By Marie Cocco
For a politician who is caricatured as a San Francisco liberal and who is the target of increasing Republican ire, Nancy Pelosi is preternaturally chipper.
Her eyes are animated, her ideas tumble forth. The House speaker clearly does not heed the warnings from the pundit chorus that says President Barack Obama has overloaded his agenda with too many big and contentious proposals, or that he risks failure in a Congress that likes to do things its own way, on its own timetable.
“It’s a completely different world since we last met here,” she told a gathering of journalists and bloggers over breakfast in her office this week. “We are very excited, I guess is the word, about the fact that we have a Democratic president who from the steps of this Capitol put forth an agenda for America that contained many of the issues that we have been fighting for over the years.”
“We have a full plate,” she acknowledged. “We have lots of ideas, we have established our priorities. It’s easier to do that with a Democratic president because we know what we pass will likely become law.”
Other than former President George W. Bush—who unified Democrats more than any president since perhaps John F. Kennedy—Pelosi is more responsible than anyone for the Democratic takeover of the House in 2006 and for the gains that widened her party’s majority in last year’s elections. Having spent more than two decades in Congress, about half of it under Republican control, she clearly does not believe that Obama—however popular, charming or well-meaning he might be—will win over Republicans who are his ideological opposites.
“What you have to know about these Republicans is they do not believe in what we are talking about here, about an economy where the prosperity is shared by many more Americans and not just the few,” Pelosi said. The lack of any Republican votes in the House for the recently passed economic stimulus bill wasn’t a failure of bipartisanship, in her view. It was the predictable result of a philosophical divide that Pelosi clearly has no intention of investing her own time in trying to bridge. “The fact is, they didn’t vote for it because they don’t believe in government making the investments in health care, education, energy and the rest,” she said. “They are agents of the status quo and some of them are very ideological about the role of government.”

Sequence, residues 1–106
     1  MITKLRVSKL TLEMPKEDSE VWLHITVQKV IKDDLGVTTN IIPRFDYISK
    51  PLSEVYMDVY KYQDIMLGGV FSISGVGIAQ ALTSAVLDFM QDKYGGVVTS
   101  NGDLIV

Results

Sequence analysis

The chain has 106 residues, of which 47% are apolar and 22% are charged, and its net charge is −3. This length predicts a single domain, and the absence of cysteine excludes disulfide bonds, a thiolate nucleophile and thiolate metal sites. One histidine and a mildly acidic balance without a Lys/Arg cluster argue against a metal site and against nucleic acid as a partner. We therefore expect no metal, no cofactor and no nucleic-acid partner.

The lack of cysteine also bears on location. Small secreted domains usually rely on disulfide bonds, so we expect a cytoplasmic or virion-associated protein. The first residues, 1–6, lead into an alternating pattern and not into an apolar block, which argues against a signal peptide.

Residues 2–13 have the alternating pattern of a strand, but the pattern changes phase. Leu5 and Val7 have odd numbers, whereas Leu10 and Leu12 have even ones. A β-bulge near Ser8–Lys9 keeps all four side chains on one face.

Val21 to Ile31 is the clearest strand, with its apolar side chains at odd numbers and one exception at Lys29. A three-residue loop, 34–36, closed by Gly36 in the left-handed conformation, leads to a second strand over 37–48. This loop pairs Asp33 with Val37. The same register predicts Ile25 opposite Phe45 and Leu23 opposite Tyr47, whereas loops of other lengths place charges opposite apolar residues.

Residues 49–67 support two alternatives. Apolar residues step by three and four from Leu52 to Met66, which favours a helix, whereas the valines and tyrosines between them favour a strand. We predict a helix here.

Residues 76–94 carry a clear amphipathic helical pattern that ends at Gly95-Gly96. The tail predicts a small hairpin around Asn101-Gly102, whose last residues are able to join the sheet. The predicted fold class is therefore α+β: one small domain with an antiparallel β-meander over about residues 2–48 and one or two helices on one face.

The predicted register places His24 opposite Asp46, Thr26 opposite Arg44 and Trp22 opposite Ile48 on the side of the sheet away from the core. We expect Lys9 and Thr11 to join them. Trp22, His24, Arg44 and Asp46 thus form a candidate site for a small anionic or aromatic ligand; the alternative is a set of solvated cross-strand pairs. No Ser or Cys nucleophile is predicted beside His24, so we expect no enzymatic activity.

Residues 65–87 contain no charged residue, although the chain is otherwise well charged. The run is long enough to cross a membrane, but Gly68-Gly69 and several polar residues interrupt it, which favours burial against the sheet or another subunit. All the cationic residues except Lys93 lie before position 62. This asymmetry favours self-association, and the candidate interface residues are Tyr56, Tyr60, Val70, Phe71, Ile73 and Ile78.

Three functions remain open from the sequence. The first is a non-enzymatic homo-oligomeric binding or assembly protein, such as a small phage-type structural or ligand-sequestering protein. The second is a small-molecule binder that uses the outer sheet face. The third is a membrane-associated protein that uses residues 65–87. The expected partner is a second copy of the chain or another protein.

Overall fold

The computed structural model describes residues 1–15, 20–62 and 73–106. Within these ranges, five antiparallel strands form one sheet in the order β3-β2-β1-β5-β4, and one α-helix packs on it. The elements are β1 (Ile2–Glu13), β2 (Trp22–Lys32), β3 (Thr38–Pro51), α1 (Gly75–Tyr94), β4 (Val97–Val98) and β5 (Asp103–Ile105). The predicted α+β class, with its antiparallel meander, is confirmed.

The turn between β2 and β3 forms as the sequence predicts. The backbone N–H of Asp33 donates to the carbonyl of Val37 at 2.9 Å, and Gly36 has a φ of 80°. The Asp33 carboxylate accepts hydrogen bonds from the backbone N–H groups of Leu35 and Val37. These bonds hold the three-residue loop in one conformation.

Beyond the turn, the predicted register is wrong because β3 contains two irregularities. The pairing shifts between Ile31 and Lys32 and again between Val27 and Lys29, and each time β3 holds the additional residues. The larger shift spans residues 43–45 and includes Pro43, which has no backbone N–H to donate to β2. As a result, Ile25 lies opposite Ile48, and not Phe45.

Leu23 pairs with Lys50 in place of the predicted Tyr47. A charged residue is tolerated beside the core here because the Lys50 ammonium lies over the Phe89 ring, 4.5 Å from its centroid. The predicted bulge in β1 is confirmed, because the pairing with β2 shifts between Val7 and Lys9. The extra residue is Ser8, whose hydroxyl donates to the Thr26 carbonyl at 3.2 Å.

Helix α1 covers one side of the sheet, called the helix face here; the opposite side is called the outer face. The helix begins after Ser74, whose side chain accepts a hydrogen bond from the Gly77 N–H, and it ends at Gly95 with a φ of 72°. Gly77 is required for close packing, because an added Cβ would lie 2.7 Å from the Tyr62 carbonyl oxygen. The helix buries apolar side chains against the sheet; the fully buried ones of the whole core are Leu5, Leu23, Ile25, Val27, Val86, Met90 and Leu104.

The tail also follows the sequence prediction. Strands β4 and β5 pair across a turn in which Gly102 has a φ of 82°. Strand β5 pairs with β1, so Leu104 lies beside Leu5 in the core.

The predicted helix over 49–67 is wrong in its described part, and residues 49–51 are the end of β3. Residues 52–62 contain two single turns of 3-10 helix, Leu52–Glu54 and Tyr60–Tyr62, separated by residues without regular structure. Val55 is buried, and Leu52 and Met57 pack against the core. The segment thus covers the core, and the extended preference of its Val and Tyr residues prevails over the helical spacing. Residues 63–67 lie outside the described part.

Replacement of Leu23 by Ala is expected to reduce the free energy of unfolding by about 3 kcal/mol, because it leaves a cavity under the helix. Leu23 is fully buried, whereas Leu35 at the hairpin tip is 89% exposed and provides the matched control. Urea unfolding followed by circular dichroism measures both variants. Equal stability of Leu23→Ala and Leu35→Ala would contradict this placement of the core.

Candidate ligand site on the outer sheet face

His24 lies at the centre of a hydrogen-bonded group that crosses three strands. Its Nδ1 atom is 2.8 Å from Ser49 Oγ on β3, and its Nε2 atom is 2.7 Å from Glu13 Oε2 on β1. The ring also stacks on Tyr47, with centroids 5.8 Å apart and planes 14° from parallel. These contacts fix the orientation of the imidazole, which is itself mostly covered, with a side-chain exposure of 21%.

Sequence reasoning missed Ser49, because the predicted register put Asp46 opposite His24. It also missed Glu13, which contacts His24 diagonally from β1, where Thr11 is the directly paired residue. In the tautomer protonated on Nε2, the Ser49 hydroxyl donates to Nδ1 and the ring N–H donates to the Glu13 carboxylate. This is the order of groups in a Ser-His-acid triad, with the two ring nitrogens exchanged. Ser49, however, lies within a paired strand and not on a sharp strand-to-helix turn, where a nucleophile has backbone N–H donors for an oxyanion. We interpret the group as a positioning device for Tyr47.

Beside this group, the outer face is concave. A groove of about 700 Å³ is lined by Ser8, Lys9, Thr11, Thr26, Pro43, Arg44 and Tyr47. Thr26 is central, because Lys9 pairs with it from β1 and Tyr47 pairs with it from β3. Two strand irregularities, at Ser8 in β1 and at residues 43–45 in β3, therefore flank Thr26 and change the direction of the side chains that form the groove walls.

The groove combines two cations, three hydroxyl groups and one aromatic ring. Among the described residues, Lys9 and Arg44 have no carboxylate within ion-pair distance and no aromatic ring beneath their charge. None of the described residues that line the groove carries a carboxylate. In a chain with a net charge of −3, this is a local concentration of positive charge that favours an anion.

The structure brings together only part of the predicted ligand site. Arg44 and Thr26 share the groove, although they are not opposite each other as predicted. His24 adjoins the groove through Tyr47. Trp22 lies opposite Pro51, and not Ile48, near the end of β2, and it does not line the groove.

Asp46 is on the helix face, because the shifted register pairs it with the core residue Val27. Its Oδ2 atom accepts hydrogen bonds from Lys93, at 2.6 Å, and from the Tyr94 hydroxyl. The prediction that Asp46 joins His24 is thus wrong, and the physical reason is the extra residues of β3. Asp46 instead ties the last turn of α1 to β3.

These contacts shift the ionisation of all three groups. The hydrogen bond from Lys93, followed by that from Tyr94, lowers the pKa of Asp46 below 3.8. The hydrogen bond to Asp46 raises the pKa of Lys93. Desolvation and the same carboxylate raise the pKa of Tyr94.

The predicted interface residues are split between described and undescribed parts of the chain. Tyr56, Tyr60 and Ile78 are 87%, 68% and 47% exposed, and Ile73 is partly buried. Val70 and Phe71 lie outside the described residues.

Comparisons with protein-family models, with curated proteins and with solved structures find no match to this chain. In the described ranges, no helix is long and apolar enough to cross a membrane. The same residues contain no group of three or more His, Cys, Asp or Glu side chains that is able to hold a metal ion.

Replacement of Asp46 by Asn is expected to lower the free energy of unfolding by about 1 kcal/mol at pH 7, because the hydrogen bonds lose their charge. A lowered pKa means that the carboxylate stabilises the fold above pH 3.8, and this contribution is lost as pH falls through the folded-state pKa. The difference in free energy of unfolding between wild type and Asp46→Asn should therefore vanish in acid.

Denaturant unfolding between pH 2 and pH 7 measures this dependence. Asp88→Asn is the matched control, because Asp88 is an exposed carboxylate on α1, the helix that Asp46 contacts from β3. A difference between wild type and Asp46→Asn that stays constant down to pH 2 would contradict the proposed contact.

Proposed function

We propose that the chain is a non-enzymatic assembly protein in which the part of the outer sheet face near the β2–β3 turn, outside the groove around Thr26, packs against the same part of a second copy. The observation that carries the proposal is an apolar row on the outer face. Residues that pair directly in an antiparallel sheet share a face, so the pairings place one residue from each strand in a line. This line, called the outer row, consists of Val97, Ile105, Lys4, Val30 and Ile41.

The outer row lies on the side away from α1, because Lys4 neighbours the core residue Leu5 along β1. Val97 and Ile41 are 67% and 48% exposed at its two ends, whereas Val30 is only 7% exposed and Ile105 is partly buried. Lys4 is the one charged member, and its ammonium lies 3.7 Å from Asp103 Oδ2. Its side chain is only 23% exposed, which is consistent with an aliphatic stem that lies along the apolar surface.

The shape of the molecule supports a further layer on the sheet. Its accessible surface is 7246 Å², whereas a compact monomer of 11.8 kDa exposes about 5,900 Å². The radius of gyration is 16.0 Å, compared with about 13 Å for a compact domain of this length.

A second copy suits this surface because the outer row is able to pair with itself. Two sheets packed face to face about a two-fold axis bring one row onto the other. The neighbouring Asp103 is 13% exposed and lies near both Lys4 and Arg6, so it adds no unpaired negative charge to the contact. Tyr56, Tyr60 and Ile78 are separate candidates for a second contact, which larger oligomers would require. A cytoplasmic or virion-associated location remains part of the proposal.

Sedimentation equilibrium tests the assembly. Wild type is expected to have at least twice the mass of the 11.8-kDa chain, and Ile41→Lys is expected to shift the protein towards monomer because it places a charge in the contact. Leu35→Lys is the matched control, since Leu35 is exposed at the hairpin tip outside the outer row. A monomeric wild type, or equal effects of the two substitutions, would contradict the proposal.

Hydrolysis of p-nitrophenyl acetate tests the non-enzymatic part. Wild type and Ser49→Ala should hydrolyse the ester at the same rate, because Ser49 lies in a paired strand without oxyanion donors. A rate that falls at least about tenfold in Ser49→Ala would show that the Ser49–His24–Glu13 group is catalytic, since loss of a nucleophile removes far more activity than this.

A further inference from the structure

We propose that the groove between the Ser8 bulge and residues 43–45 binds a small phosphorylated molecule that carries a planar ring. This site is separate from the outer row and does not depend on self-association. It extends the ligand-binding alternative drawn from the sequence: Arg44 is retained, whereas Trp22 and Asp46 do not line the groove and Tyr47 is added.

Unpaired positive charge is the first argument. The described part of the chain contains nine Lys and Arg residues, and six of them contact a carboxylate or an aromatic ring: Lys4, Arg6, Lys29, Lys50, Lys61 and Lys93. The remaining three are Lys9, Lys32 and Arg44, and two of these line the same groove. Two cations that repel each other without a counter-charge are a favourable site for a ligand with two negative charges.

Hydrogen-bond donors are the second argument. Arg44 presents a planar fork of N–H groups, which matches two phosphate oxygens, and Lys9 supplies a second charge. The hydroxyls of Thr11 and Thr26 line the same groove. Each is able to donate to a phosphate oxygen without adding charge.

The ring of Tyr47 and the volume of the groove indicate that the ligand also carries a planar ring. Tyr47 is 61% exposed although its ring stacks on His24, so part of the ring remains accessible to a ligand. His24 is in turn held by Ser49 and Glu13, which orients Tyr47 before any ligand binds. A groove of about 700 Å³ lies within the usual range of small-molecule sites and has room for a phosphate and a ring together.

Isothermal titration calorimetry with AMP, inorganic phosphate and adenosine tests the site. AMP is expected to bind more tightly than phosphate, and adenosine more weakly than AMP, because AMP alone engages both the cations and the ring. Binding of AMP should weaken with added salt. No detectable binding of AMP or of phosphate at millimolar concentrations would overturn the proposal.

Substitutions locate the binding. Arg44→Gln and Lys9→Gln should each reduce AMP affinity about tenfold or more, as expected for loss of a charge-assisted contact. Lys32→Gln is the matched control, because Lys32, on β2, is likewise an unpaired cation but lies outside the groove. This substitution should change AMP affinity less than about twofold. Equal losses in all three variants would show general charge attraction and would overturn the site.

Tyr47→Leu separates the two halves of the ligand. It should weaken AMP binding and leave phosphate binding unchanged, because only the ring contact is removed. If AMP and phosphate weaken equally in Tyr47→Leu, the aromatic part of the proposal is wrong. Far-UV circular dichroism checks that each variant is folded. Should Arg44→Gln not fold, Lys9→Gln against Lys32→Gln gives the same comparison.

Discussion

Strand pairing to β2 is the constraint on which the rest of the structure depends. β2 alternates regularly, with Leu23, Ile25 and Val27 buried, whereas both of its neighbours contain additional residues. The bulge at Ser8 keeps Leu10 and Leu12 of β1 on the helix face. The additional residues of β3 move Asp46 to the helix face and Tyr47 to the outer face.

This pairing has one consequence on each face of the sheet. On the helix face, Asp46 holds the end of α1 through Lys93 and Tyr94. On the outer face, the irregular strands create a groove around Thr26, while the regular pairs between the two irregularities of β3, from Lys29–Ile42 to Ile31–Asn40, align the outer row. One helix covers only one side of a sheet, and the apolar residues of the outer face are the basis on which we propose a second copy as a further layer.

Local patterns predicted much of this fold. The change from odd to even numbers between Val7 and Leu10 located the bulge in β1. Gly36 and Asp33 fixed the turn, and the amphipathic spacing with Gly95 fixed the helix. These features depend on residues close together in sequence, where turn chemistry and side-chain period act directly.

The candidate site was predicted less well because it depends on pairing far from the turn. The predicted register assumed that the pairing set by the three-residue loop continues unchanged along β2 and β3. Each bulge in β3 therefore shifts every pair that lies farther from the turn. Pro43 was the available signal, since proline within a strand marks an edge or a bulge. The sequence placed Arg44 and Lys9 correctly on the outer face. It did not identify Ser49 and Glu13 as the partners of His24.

These are fighting words, delivered in the matter-of-fact tone of a busy leader who won’t be diverted from the goal of delivering for her president on his key priorities of bolstering education, rewriting the nation’s energy policy and making progress toward universal health coverage. Two of these three—energy and health care—have great potential to split Democrats, even in the House. Representatives from energy-producing states are almost certain to balk at some of Obama’s plans for strict caps on emissions from power plants and other sources. Deficit “hawks” already squawk about the expense of some Obama programs—and health care is sure to be one of the most expensive. Meanwhile, a bloc of liberals would be inclined to support a single-payer health insurance program, perhaps by allowing those without insurance to buy into Medicare.
This is political ground that is treacherous in normal times, let alone in a moment of unprecedented economic turmoil that has the country reeling.
Nonetheless, Pelosi lays out a calendar of rapid-fire progress that envisions passing the controversial “cap-and-trade” program by the end of May. “Health care is a bigger ticket, but everybody’s ready,” she said. In the same breath, though, Pelosi indicated she thinks everybody is “ready” for the kind of preliminary steps—such as computerizing patient records—about which there is no ideological disagreement.
If anything nags at Pelosi, it isn’t gossip mongers who put her at odds with Obama (untrue, she says) or the challenge of holding together the disparate members of her own caucus. It is—well, it’s the Senate, where legislation that passed the House last year often went to die and where the stimulus package was altered in ways not much to her liking.
“I can only answer for the House of Representatives—I know that we can get this job done,” said this warrior, happier now that hers is the winning side.
Marie Cocco’s e-mail address is mariecocco(at)washpost.com.
© 2009, Washington Post Writers Group